You can enroll in his on-line class, Comparative Religion for Dummies, at http://www.udemy.com/comparative-religion-for-dummies/?promote=1









Thursday, October 25, 2012

Who's Listening to God?



Mourdock

Indiana Republican Senatorial candidate Richard Mourdock is sure God wants children conceived through rape to be born.  They are “something God intended,” he said during a debate this week in the Hoosier state.

“I came to realize life is that gift from God,” he explained.  “I think that even when life begins in that horrible situation of rape, that it is something that God intended to happen."

How does Mourdock know what God intends?  Assuming he doesn’t have a direct phone link, I’m guessing he is, too.

After all, God apparently thought it was all right for Greeks and Romans, among others, to practice abortion and infanticide.  He even seemed nonplussed by the early Roman Catholic Church’s initial decision to allow abortions of girl fetuses at seven weeks and boys at nine weeks.  That was only changed centuries later.

In fact, God’s most enduring quality His obvious patience.  The rest of us are developing shorter fuses.  After all, the suggestion that God recommended some course of typically horrific action is pretty commonplace these days.

Zimmerman
For example, George Zimmerman (left), who eventually found not guilty in Orlando for the death of an unarmed teenager, told police he regretted nothing because he believed “it was all God’s plan.”

Carlos Rico in Lubbock, Texas, told police that God told him to kill his son, Angel.  The boy survived.  No word on whether God will punish Carlos for failing to live up to orders.  After all, God disavowed Saul when the Israeli king refused to completely annihilate a captured tribe as ordered.  Any punishment should be equal, right?

Terry Mark Morgan, who killed a Southwest Airlines flight attendant in 2007, told police God called on him to “carry out a code of retribution” by killing a gay man because “sexual perversion” is the “worst sin.”  His victim, however, wasn’t gay.

More importantly, if God wanted to get rid of gay people – to paraphrase Tevya’s comment about the poor – why did He make so many of them?

God doesn’t always prefer corpses.  A Washington state man told police in June this year that he started a fire in his apartment with a marijuana blunt on God's orders.  Kevin Ellison was arrested on arson.  God has avoided all charges so far.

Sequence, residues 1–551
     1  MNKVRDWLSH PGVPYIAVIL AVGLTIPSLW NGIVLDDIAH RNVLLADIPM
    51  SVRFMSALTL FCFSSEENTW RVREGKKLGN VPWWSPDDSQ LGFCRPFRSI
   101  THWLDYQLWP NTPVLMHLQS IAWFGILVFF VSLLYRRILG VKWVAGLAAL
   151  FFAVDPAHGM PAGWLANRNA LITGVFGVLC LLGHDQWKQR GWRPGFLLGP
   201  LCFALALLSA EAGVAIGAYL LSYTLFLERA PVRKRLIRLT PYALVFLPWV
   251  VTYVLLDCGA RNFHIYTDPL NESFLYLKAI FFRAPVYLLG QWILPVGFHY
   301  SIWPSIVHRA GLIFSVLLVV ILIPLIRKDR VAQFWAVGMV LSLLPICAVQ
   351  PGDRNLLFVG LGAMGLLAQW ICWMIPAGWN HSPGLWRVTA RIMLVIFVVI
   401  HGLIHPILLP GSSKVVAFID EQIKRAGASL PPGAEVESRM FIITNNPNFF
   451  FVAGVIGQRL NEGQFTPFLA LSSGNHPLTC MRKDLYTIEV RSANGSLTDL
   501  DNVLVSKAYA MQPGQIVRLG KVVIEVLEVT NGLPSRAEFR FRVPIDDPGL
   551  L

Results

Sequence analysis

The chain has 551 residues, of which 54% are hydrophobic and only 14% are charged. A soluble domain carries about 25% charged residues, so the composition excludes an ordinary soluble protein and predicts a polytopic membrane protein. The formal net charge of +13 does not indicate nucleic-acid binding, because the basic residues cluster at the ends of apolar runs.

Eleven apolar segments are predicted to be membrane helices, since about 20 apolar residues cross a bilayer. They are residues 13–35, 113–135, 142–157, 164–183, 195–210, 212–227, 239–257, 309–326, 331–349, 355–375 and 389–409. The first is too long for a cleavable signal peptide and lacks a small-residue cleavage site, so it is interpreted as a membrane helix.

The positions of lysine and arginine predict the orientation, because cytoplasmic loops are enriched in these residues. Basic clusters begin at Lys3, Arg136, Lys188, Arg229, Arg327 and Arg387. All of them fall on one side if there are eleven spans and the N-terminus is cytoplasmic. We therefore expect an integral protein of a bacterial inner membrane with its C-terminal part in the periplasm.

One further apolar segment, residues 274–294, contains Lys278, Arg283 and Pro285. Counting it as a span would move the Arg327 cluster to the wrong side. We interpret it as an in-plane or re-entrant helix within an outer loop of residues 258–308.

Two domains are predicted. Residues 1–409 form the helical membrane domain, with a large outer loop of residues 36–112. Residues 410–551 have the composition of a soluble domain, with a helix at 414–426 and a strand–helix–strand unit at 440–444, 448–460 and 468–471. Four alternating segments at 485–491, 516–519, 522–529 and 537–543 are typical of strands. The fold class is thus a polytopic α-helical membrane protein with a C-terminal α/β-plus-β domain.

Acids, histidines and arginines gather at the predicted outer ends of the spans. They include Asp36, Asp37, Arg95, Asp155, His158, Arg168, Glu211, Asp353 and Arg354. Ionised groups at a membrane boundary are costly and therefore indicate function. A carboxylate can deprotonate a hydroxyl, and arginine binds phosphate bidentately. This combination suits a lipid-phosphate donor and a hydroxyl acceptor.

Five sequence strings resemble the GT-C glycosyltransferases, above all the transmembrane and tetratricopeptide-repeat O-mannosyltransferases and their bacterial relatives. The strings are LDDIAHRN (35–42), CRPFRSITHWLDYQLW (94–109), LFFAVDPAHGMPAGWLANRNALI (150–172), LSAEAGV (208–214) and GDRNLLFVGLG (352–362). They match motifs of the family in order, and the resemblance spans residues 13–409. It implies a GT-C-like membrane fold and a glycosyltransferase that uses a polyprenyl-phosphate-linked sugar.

Cain
Politicians, of course, hear from God on a regular basis.

On a radio show, former Republican presidential candidate Herman Cain said his granddaughter sent him a text: "I love you Pa Pa. You're awesome." Cain was moved. "That wasn't playing,” he said.  “I think that God was speaking to me through my granddaughter."

He promptly ran for the presidency only to have media tell people about his alleged extramarital affairs and other problems.  God apparently overlooked those tidbits in His pep talk.
Santorum
Other would-be presidents who hear God’s siren call include Michele Bachmann, who may not survive her re-election bid for the House of Representatives; former Pennsylvania Senator Rick Santorum; and Texas Governor Rick Perry.  They are all Republicans, who apparently believe God only talks to them.
 
Regardless of political affiliation, the people who claim God spoke to them all insist they are religious, but that’s clearly a matter of interpretation. 

After all, according to the Bible, He also said:

You must not misuse the name of the Lord your God. The Lord will not let you go unpunished if you misuse His name.” (Exodus 20:7)  Leviticus (19:12 ) adds, “Do not bring shame on the name of your God by using it to swear falsely. I am the Lord.

Of course, no one is listening to that either.


Long-time religious historian Bill Lazarus regularly writes about religion and religious history.  He also speaks at various religious organizations throughout Florida.  You can reach him at www.williamplazarus.net.  He is the author of the famed Unauthorized Biography of Nostradamus; The Last Testament of Simon Peter; The Gospel Truth: Where Did the Gospel Writers Get Their Information; Noel: The Lore and Tradition of Christmas Carols; and Dummies Guide to Comparative Religion.  His books are available on Amazon.com, Kindle, bookstores and via various publishers.  He can also be followed on Twitter.

You can enroll in his on-line class, Comparative Religion for Dummies, at http://www.udemy.com/comparative-religion-for-dummies/?promote=1







Monday, October 22, 2012

Religious Truths No Secret



Scientology cross

A recent AOL video featured Janet Reitman, who called herself a contributing editor from Rolling Stones magazine, revealing the “truth about Scientology.” According to Reitman, the big secret is that Scientology is largely commercial.

Only people who pay around $100,000 or who dedicate decades to the religion, Reitman said, are finally introduced to the truth that the faith is built around a intergalactic figure from thousands of years ago, a character from one of founder L. Ron Hubbard’s science fiction book.

Thank goodness Reitman has finally pried the cover off the top of this scandal.  Oh, wait a minute.

Moses on Mt. Sinai